Robert Downey Jr.

Chef

by Alan Rapp on May 23, 2014

in Movie Reviews 

  • Title: Chef
  • IMDB: link

ChefAlthough the storyline doesn’t veer far from well-established basic themes we’ve seen in countless films over the years involving reinventing your life, father-son dynamics, road trips, and overcoming adversity, with the right ingredients and cast writer/director/star Jon Favreau delivers a sumptuous treat as delectable as the various food on display. Calling on the help of a handful of his old Iron Man buddies, Favreau offers up his best film yet in front of, or behind, the camera.

When we first meet Carl Casper (Favreau) he’s a successful but unhappy head chef. Estranged from both his ex-wife (Sofía Vergara) and son Percy (Emjay Anthony), in a refreshingly honest take on a divorced family that doesn’t go for cheap hate-filled diatribes, Casper’s only brightspot his his enjoyable but mostly empty relationship with a waitress (Scarlett Johansson) which obviously isn’t going anywhere. With Johansson taking more and more roles as the sexy lead it’s great to see her step back into a more understated role reminding us that the actress can do more than just look good in tight pants and kick ass.

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From A to Z – The Top Ten Movies of 2012

by Alan Rapp on December 28, 2012

in Top Tens & Lists

2012 turned out to be a pretty darn good year at the movies. There were two films which I gave perfect scores to this year, one of which the majority of the country won’t be seeing until early next year. I’m breaking my own rule of including it on the list, but we’ll get to that in a moment. Between these two films, which naturally open and close the list (as it’s presented alphabetically), are eight other films rounding out the class of 2012.

Cutting down my list to ten means I need to speak for a moment on films that barely missed the cut. John Carter was the year’s most under-appreciated film, The Cabin in the Woods turned the horror genre on its ear, Ang Lee delivered an amazing journey with Life of Pi, Wreck-It Ralph was this year’s best animated feature, Safety Not Guaranteed was a terrific little sci-fi flick almost no one saw, and Moonrise Kingdom was director Wes Anderson‘s best film since The Royal Tenenbaums.

Enough with what didn’t make the list, let’s get down to discussing what did:

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The Ten Best Movies of 2012 (So Far)

by Alan Rapp on June 30, 2012

in Top Tens & Lists

Super-heroes, aliens, character studies, parents and their children, time travel, the Scottish Highlands, young love, monsters, and the end of the world. Halfway through the year we take a look back at the ten best movies from the first-half of 2012.

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The Avengers

by Alan Rapp on May 4, 2012

in Movie Reviews 

  • Title: The Avengers
  • IMDB: link

the-avengers-posterWell done Joss Whedon. Ensemble casts aren’t always the easiest to deal with, especially when you’ve got stars of several franchises who all need to be showcased. Not only does the creator of Buffy the Vampire Slayer succeed in giving each hero their own moment to shine, but he crafts what is inarguably one of the best super-hero movies of all-time. I don’t know if The Avengers is going to be the best movie of the summer, but if it’s not I can’t wait to see what could possibly top it.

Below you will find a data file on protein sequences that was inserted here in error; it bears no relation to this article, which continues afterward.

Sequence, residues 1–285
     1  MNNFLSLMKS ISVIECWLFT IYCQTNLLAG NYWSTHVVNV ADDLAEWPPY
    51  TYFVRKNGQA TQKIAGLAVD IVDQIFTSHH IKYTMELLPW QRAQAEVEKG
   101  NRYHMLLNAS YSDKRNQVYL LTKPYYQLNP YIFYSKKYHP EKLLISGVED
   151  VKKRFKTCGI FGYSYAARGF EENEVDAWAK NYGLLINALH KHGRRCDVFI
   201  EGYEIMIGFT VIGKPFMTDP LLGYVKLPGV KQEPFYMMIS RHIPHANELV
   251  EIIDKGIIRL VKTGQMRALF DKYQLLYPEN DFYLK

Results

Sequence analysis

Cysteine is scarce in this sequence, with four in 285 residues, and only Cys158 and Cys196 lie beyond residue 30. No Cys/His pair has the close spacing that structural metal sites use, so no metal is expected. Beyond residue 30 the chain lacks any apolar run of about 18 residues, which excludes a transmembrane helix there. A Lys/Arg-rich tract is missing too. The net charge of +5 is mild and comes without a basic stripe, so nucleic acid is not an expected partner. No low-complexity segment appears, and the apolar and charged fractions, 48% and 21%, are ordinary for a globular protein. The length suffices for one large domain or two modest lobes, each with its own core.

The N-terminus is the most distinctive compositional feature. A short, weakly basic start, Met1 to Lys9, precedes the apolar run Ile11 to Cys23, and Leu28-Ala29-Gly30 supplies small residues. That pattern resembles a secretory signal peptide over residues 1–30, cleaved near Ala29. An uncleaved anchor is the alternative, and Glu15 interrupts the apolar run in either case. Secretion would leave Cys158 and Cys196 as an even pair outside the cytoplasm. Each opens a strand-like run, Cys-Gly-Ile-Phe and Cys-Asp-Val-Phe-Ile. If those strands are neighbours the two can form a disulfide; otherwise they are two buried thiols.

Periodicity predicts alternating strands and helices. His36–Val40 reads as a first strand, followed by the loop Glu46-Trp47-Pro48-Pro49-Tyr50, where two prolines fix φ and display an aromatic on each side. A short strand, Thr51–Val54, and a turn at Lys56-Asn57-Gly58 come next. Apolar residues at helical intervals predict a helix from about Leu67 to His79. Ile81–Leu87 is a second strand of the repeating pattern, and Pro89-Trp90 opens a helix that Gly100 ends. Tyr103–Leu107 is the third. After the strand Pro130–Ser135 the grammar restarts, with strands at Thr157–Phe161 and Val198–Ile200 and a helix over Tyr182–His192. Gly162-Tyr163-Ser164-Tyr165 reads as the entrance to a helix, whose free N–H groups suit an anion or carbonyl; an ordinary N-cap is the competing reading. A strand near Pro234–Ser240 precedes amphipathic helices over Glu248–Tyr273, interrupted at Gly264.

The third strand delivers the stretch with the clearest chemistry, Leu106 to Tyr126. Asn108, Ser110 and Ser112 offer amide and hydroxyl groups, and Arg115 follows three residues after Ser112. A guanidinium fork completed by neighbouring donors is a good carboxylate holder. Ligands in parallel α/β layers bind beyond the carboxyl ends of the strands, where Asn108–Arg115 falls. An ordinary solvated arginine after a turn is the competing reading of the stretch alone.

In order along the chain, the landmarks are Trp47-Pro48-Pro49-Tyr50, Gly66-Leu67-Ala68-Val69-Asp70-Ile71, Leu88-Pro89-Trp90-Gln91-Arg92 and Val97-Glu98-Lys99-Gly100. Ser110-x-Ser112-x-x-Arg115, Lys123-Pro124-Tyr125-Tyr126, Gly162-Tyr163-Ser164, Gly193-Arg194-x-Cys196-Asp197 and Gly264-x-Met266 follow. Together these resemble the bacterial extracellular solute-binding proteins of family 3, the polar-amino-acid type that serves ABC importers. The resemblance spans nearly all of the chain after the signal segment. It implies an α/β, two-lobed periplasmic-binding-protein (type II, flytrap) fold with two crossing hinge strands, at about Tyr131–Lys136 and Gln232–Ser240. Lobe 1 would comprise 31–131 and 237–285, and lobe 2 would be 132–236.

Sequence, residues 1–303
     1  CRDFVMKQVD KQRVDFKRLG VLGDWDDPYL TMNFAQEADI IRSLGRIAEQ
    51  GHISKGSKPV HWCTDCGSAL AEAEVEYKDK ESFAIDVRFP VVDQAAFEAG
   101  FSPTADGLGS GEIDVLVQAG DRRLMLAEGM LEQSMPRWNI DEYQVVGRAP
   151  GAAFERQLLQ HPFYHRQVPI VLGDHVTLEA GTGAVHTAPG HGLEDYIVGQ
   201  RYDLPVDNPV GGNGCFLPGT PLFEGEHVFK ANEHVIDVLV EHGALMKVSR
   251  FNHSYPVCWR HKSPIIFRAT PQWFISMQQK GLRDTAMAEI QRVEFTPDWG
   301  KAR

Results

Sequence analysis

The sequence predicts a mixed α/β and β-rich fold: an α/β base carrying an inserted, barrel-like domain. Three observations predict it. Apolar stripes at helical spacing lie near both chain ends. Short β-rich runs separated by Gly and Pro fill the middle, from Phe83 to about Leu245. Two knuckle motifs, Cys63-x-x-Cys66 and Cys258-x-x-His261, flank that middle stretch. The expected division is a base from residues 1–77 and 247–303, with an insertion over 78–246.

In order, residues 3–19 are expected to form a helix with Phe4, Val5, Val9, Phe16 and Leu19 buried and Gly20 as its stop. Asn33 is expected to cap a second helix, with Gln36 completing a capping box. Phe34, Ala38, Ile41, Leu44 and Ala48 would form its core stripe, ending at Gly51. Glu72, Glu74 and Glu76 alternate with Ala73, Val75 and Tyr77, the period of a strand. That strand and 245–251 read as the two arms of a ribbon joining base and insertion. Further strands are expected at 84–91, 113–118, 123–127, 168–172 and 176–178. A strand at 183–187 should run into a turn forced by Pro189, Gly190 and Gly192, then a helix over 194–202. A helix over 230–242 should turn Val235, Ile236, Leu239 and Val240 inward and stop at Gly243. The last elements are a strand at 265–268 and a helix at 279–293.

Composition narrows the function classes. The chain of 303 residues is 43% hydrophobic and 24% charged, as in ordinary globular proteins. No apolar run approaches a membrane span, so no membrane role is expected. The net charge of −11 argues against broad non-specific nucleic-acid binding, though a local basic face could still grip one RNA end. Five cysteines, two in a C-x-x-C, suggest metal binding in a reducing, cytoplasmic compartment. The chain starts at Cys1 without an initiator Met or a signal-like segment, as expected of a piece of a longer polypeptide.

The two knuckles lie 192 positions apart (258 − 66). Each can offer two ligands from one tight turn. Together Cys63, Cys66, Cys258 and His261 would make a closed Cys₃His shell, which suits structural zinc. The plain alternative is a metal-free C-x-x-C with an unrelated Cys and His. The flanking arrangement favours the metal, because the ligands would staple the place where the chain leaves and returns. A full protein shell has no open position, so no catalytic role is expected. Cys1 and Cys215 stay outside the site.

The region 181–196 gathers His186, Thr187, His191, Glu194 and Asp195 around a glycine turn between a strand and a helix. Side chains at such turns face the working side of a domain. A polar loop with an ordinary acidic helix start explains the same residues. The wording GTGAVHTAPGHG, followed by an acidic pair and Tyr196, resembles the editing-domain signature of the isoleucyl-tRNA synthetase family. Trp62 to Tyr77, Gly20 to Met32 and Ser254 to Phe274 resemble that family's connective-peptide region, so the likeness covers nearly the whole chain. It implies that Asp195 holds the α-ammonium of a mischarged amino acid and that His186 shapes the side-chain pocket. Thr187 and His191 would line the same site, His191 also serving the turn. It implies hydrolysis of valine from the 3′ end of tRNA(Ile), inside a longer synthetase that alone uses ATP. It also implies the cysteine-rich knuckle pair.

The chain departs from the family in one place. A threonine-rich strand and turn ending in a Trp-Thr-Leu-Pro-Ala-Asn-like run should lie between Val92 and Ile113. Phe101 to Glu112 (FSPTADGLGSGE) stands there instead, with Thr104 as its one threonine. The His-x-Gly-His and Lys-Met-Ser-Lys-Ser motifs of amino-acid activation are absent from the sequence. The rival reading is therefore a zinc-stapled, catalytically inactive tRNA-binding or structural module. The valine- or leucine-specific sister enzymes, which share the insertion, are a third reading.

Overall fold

One thing Whedon and the numerous special effects experts used on the film get just right is scale. From the first time we see the S.H.I.E.L.D. Helicarrier to the film’s final battle (which can only be described as epic) the size and breadth of it are awe-inspiring. I viewed the film in IMAX 3D, and while I think a regular screening will still be quite good, the IMAX certainly helped sell the larger-than-life aspects of the script (which Buffy fans should be glad to hear is peppered with classic Whedon one-liners and humorous asides).

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Kiss Kiss, Bang Bang

by Alan Rapp on November 11, 2005

in Movie Reviews 

  • Title: Kiss Kiss, Bang Bang
  • IMDB: link

kiss-kiss-bang-bang-poster

“This isn’t good cop / bad cop.
This is fag and New Yorker.”

Any movie that contains an argument over the phone about why someone has urinated on a dead body he finds in his hotel room shower deserves some attention.  Kiss Kiss, Bang Bang is one of the most entertaining movies of the year.  Part Hollywood satire and part dime-store novel this is great fun with terrific performances from Robert Downey Jr. and Val Kilmer.  Simply put folks, this is the best comedy of 2005.

Harry Lockhart (Robert Downey Jr.) is a small time thief who stumbles into an audition for a detective show while fleeing from the police.  Whisked away to Hollywood Harry meets Perry (Val Kilmer) a gay detective who is the consultant to the show.  At a party Harry also runs into Harmony Lane (Michelle Monaghan) the girl who got away so many years ago.

So far sounds like a pretty normal film right?  Well here’s where things start to get interesting.  Larry takes Harry on a stakeout to teach him more about detective work, but unfortunately they run into a car with a dead body.  For reasons to difficult to describe here the two abandon the body only for Larry to find it in his hotel room shower early the next morning.

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